Imagine you’re about to go on a cross-country trip, stopping at spots along the way to admire local attractions. You’d probably want to have road atlas handy, containing maps at different scales, covering both the major highways and the roads of smaller cities and towns -; or at least a GPS that can access a digital atlas with this information.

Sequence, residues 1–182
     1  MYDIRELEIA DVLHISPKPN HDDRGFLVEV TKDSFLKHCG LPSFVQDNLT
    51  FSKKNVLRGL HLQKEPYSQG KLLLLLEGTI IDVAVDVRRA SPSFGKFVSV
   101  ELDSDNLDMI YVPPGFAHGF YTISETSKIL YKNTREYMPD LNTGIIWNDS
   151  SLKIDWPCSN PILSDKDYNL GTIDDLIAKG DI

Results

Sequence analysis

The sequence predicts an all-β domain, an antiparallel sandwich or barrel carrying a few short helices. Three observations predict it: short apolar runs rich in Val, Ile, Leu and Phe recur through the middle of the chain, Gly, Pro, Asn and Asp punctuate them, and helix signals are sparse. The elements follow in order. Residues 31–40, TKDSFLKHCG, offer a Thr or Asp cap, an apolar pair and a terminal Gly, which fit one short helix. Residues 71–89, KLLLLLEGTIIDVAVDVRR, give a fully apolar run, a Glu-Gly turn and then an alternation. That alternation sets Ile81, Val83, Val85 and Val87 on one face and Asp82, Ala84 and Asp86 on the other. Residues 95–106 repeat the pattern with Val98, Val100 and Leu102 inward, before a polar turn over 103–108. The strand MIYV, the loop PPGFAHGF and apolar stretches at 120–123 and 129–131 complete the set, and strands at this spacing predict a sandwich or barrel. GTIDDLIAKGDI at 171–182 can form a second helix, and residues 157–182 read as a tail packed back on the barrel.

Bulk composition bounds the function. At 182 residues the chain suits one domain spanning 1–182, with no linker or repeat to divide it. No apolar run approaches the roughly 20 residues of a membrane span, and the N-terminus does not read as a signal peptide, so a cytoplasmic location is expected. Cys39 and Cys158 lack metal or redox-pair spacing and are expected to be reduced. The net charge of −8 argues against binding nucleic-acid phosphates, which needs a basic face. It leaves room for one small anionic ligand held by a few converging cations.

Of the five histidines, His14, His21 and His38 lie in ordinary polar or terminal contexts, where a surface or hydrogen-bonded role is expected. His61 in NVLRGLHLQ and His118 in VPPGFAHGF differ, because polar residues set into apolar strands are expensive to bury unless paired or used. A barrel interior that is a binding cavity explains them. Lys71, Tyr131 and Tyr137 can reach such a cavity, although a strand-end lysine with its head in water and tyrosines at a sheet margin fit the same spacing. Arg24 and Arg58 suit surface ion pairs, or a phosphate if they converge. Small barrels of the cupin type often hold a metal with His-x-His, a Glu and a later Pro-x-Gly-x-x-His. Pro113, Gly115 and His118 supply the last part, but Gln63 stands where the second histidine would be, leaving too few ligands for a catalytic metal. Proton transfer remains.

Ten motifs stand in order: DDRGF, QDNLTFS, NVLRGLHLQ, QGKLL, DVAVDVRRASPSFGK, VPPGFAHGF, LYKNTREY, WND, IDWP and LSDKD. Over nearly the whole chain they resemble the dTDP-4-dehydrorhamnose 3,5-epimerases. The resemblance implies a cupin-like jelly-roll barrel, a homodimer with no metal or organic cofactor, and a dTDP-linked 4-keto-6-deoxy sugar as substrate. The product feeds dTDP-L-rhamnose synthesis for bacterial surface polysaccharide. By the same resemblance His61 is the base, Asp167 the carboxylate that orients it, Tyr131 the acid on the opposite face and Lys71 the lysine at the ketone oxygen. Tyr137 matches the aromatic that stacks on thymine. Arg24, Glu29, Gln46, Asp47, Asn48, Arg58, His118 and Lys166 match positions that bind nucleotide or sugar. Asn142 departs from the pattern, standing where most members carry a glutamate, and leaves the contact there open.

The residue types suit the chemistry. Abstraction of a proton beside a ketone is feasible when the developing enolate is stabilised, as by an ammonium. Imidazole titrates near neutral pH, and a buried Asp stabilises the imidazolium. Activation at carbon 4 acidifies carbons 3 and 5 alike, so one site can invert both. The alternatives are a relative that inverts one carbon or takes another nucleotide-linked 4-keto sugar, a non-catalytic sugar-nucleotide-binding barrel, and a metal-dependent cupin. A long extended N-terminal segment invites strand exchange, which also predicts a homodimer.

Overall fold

Until recently, cancer researchers have been like cross-country travelers with only a few maps of a few popular cities. And because of how fast some cancers grow, the maps quickly go out of date. This situation has hindered doctors’ ability to understand what’s really going on inside tumors and develop effective treatments.